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FLEXO Magazine : August 2010
With the use of sleeve presses now the norm, it is important that the ongoing replacement cost of sleeves be included in your overall project scope. Sleeves, whether anilox, bridge or plate, have a finite life. Ask your supplier about that lifecycle and plan for the recurring costs to replace these sleeves due to damage, changes in TIR, diameter, or deterioration of the cushion layer, if utilized in your particular sleeve configura- tion. Although not published, one should plan on a three to four year lifecycle for sleeves. Other ancillary equipment to be considered includes: Roll handling equipment. How will the rolls be brought to and removed from the press? Finished printed rolls may weigh up to 1,500 pounds and can be up to 50in. in diameter. Many printers use built-in material handling carts or move- able hand trucks for this operation. Here is a good place to get your operators and safety committee involved to discuss the most efficient and safe way to move these rolls. Waste wash-up solvent disposal/recycling. Each time a deck is cleaned, the press generates dirty solvent, which must be recycled. The options available here include hiring an outside contractor to process the solvent or building/operat- ing your own still. Both expenses should be a consideration in your project budget and ongoing operating costs. Many press manufacturers have integrated systems, which allow reuse of the last rinse cycle’s solvent and reduce overall solvent use. Anilox/sleeve storage. It would not be uncommon for a printer to have a need to store upwards of 80 sleeves. Many companies store sleeves in a rack to keep them organized and damage free. Consideration needs to be given to protect- ing the ends of the sleeves, providing easy and safe operator access to the sleeves, and having a spot system that distrib- utes the weight of the sleeve during storage to maintain the concentricity of the sleeve. VOC handling equipment. Is the oxidizer capacity suf- ficient? Higher press speeds require more air volume for drying. Most states have restrictions on volatile release and require the destruction of volatiles in an oxidizer. This needs to be addressed before you complete your air permit applica- tion. There are several types of pollution control equipment, the most common being thermal catalytic oxidization and regenerative thermal oxidation (RTO). Selection will be based on your anticipated solvent load in your press’s exhaust and your expected uptime. Although RTOs seem pricey upfront, the energy savings achieved through thermal storage of the heat generated during destruction make this a component that pays for itself quickly. Tools of the trade. Be sure to include cost of outfitting the press workstations in your budget. Desks, computers, spec- trophotometers, light booths and the other tools and equip- ment that your press operators use on a daily basis need to be purchased and installed prior to commercialization. Train Your EmploYEEs Operating a modern press is vastly different from those even 10 years old. A decade ago, printing was more of a me- chanical process. Today, direct drive technology has replaced geared machines and much of the press set-up once per- formed by the operator is done automatically. Many machines today have automatic systems for impression setting, registra- tion, and even color matching. Operators need to become comfortable working with computer equipment and relying on the machine/systems for printing at high press speeds. The expectation should be to run all jobs at the highest speed possible, in some cases at 2,650fpm or higher. Press changeover times are reduced from hours to minutes. It is important that these expectations be clearly commu- nicated to the operators—all too often they can fall into old habits and run a machine at half its productivity. After the press is installed and running, training becomes the key issue in getting the most out of your new equipment. In our experience it’s best to provide in-depth training to a select group of employees who can then train the rest of the produc- tion personnel and act as mentors. This way you will always have skilled personnel on hand for refresher training or indoctrination of new employees. These senior operators also act as technical advisers should any problems arise once the press is installed and running. No matter how effective your initial operators’ training is, be sure to have your press vendor include follow-up training four to eight weeks after the start of your press. The initial training your personnel receive can be overwhelming as everything is new to them. It is just a lot to absorb. After they have operated the equipment for a period of time, they will have a much bet- ter understanding of your original training, but will most likely have many new questions. Plants & Processes ancillary items such as anilox roll and sleeve storage have to be located somewhere, preferable near the press with which they are affiliated. this needs to be planned before the installation of the press begins. Value WINDMOELLER & hOELSCHER corporation FLEXIBLE PACKAGING EQUIPMENT THAT MEETS THE DEMANDS OF AMERICA’S TOUGHEST CUSTOMERS 23 NEW ENGLAND WAY | LINCOLN, RHODE ISLAND 02865-4252 | Phone: 800-854-8702 | www.whcorp.com PASSION FOR INNOVATION Every printing, extrusion, and packaging machine we make is designed to deliver a fast return on your investment. We back your new equipment with the industry’s most advanced training center as well as the best service and support, so you get something extra that our competition often overlooks: real value. Because from W&H, you not only get the best performance, you get people who care for your products. VISTAFLEX® Flexo Press Visit us at booths 408 & 410 42 FLEXO august 2010 www.flexography.org August2010_mech.indd 42 8/13/10 7:46 AM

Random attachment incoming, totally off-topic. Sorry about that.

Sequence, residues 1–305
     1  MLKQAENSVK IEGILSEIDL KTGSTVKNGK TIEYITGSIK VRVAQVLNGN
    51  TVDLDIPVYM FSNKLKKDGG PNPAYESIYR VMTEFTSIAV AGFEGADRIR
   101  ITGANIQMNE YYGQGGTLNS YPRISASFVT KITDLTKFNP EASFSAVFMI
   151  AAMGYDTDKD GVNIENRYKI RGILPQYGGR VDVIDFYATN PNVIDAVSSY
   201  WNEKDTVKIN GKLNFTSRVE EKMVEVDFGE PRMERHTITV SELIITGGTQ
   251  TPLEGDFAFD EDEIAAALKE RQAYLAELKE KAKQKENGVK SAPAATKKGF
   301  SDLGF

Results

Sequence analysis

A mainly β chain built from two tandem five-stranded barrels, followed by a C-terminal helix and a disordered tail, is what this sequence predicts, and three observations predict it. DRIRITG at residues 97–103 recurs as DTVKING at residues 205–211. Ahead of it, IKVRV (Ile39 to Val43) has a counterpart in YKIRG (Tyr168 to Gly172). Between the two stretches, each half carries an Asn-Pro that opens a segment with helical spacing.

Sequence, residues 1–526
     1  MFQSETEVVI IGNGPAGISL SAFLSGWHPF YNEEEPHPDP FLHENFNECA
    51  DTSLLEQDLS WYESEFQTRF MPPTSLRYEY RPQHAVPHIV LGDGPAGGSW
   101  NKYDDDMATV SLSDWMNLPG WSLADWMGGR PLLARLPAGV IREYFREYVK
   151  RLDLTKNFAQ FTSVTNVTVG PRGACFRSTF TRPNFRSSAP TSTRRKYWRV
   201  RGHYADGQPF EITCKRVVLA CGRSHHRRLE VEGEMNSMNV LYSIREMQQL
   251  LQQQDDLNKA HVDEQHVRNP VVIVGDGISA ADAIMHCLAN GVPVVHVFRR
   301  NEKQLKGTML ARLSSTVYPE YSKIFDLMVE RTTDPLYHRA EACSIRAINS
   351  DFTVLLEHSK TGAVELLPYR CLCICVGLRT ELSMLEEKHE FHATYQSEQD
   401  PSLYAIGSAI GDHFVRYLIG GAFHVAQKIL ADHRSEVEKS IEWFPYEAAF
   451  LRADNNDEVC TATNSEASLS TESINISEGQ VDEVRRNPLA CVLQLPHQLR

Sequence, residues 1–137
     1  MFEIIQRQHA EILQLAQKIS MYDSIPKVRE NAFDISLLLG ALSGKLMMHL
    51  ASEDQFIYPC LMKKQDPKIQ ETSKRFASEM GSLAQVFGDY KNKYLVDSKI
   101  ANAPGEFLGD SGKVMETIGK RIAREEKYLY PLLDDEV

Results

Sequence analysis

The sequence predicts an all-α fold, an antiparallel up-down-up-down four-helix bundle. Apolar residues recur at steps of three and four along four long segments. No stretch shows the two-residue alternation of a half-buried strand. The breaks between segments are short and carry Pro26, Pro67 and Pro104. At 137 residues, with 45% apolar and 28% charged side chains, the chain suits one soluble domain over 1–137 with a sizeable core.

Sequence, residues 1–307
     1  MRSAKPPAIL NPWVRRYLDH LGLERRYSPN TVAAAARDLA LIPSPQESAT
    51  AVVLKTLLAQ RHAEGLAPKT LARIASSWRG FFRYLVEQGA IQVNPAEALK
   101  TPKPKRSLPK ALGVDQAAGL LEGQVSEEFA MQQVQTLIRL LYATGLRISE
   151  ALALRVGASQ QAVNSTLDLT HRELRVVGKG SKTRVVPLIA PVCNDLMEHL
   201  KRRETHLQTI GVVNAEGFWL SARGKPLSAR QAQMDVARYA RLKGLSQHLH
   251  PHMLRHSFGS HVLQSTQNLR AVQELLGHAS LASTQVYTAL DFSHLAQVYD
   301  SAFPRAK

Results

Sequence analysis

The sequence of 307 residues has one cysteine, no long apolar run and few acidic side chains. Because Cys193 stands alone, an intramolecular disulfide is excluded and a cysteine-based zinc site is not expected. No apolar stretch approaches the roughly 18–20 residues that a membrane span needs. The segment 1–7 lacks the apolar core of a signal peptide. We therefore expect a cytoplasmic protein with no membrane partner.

Sustainable Summer 2010